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10 Veggies That Are Ridiculously Easy to Grow

In our Rookie Guide to Growing Your Groceries, we gave you the basics on planning, planting, tending and harvesting a food garden. We didn’t offer specifics about choosing your crop list because that’s, well, personal. The best plants to grow are the ones you and your kids like to eat the most. There’s no use raising a bumper crop of eggplant just for show.

Whether your crops fail or succeed depends to some extent on the climate you live in and your particular soil conditions. But the following 10 varieties generally do well, and are fairly low-maintenance, across a range of climate zones. (You won’t find fruit in the list below because it tends to have specific needs and takes up more space than these veggies.)

We’re not suggesting that you start with just the easy crops it’s always worthwhile to take on a challenge. The best education in gardening is trial and error. Most rookie gardeners find that some of their crops thrive while others fail, but you shouldn’t have too much trouble with any of the following.

Without further delay, here are tending and harvesting tips for the 10 veggies that are the easiest to grow.

  • Lettuce and Arugula 1 of 10
    Lettuce

    Don't wait too long to harvest these greens grow fast. If you start from seed, they should be ready just 30-45 days after planting. Young arugula and lettuce are tender and sweet, but they get tougher and ultimately bitter as they grow. 

  • Beans 2 of 10
    Beans

    (Green, Purple, Yellow, Haricot Vert, Edamame) Start harvesting when young and tender. Harvest frequently to ensure that the plant keeps producing more. With Edamame, especially, it's very easy to miss the harvesting window; as soon as pods are slightly plump, open them up and taste.

  • Beets 3 of 10
    Beets

    After the greens have come up from the soil and are about one inch tall, thin the plants (pulling out the extra baby plants) so they're a fist's length apart, then mound soil around each plant. (Be sure to eat the thinnings they're delicious!). Harvest roughly sixty days after planting pull and see if the bulb is roughly 1.5" in diameter. If you want bigger beets, wait.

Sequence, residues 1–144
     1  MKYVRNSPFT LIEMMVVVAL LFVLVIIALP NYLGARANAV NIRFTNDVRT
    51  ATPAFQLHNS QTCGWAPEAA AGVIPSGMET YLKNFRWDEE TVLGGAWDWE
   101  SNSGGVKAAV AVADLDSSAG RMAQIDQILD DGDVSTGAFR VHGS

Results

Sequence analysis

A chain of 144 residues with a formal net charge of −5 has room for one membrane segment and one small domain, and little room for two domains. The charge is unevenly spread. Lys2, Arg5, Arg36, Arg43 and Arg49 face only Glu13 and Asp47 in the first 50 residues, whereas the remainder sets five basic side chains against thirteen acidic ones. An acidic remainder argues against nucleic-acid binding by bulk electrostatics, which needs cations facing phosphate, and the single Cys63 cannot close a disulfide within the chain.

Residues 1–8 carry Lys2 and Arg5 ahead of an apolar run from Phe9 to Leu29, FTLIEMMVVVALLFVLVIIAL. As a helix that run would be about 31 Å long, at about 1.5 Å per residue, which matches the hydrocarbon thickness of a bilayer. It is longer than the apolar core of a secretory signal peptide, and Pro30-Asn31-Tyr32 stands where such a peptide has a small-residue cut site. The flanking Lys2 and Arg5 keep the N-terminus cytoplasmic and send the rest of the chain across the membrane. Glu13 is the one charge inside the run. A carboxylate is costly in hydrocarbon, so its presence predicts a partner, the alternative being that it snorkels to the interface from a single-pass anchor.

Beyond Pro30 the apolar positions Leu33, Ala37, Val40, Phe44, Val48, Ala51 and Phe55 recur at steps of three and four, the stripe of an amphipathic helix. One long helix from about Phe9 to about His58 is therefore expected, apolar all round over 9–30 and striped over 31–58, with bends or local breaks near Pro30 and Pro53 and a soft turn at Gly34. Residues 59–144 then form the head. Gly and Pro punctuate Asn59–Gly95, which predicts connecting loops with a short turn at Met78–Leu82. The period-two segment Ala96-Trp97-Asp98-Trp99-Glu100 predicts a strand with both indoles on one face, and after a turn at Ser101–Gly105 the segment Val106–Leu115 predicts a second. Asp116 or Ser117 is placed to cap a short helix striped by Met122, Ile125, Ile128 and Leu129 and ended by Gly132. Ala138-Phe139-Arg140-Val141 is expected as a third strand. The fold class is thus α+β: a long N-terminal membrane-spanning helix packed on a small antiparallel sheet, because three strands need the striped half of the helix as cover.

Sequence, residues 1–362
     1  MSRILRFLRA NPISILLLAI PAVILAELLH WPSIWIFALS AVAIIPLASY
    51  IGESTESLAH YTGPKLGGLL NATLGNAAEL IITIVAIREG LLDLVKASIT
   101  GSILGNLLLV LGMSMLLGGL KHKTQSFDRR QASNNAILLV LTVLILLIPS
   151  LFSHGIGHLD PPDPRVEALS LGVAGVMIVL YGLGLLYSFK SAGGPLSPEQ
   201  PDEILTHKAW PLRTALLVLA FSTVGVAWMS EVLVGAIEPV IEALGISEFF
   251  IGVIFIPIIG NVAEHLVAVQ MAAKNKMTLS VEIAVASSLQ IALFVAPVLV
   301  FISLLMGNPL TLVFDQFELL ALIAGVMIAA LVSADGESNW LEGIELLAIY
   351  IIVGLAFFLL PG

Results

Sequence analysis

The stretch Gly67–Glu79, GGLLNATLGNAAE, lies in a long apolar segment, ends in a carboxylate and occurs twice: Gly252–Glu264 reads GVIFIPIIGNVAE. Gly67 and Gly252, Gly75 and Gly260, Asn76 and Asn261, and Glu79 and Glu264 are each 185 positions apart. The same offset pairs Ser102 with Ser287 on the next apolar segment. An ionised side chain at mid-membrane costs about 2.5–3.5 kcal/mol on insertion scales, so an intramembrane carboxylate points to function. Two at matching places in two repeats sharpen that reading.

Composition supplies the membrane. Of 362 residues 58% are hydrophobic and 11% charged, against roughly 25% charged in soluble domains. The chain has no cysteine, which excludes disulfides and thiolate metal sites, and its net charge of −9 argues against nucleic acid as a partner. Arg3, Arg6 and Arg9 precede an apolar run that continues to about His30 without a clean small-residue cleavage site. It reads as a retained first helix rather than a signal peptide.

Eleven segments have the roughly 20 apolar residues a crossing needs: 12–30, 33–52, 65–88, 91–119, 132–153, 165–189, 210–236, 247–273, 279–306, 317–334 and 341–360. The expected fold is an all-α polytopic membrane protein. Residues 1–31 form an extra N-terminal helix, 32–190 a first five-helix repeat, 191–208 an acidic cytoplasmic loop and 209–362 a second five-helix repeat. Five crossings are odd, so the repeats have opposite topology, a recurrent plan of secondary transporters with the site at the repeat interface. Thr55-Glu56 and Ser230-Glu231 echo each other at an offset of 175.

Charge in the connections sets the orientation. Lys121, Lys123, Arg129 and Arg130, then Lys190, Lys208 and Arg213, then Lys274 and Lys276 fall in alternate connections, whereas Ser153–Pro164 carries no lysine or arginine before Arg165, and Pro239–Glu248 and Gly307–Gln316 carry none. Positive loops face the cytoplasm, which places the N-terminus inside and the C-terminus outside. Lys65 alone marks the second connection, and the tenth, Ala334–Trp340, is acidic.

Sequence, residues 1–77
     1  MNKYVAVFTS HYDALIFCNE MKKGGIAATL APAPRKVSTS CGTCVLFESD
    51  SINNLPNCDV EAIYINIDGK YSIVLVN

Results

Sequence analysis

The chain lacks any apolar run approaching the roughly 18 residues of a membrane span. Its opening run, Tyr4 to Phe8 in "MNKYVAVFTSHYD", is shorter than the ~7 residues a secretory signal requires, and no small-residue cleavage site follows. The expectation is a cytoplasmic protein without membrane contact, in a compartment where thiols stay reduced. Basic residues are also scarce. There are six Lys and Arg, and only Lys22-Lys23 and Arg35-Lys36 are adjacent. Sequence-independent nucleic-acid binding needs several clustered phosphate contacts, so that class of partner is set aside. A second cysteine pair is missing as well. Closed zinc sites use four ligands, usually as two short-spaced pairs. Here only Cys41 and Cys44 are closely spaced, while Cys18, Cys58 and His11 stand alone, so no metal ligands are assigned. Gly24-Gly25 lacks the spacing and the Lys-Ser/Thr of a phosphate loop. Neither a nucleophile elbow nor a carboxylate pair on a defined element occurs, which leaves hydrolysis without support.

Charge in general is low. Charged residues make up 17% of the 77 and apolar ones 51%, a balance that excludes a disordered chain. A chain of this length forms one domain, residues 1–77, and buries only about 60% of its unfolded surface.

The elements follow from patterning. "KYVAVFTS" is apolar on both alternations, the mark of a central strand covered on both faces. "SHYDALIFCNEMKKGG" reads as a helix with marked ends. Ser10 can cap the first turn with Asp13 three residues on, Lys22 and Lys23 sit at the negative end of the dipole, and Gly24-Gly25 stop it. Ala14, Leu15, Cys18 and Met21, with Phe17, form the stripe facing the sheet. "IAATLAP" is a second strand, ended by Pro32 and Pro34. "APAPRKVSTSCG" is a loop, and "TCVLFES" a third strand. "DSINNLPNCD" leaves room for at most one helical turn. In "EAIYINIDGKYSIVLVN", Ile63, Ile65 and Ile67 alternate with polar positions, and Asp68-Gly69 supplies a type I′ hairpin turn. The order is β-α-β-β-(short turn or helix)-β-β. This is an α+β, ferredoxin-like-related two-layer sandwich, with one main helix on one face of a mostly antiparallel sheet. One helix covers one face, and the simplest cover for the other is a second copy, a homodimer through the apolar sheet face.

• Broccoli 4 of 10
    Broccoli

    As with lettuce, don't wait too long to harvest — florets will open and get yellowish, and ultimately flower. Harvest time depends on variety, usually 55-75 days from planting. Judge readiness by the texture of the head, not the size (it's ready when the florets looks tight and green). After you've harvested the main head, look for side shoots to harvest throughout the season.

  • Carrots 5 of 10
    Carrots

    Thin your young carrots aggressively: when the tops are about two inches high, pull out the weakest looking plants so that you have roughly two inches between those left in the ground. Carrots are sweetest when planted in the summer for fall or early winter harvest.

  • Cucumbers 6 of 10
    Cucumber

    These plants are very prolific. If you plant 6-8 seeds, leave only the healthiest, largest 1-3 seedlings in the ground or you will be overwhelmed by too much fruit. The fruit is well camouflaged look closely as it could be hiding from you! May be harvested young or wait for bigger cukes.

  • Greens 7 of 10
    Kale

    (Swiss Chard, Kale, Collard Greens) Thin your plants so they're about 8 to 12 inches apart you'll be rewarded with more growth. Eat the thinnings along the way. Harvest the leaves from the bottom up, starting with the outside of the plant, and keep some leaves in place so that the plants will continue to regenerate.

  • Peas 8 of 10
    Peas

    You can grow three types of peas: sugar snap (eat the whole puffy pod), English or garden type (eat only the peas inside the pod), and snow or Asian, (flat, edible pod). Pods are most succulent when they're young and tender. Once ripe, harvest frequently. The taste is best if you eat immediately after harvesting.

  • Potatoes 9 of 10
    Potatoes

    When the potato plant is 6 to 8 inches above ground, mound soil or compost in a hill to cover 2/3 of the plant. When you bury the stem it grows more potatoes. The best time to harvest the first new spuds is right after the flowers bloom. Once the foliage starts to yellow and die back, the tubers are fully-grown. If the weather is not too warm or wet, they will keep in the ground for at least several weeks. Have fun growing blue, red, or gold potatoes and all types of fingerlings.

  • Tomatoes 10 of 10
    Tomatoes

    These are large/tall vining plants that benefit from growing in a cage that offers them support. Gently train the stems to grow vertically within the cage. Spray the leaves of the tomato plants with a fish emulsion and seaweed liquid fertilizer every other week. If squirrels and chipmunks are munching on your tomatoes, harvest on the early side of ripe and place on a sunny windowsill to finish.

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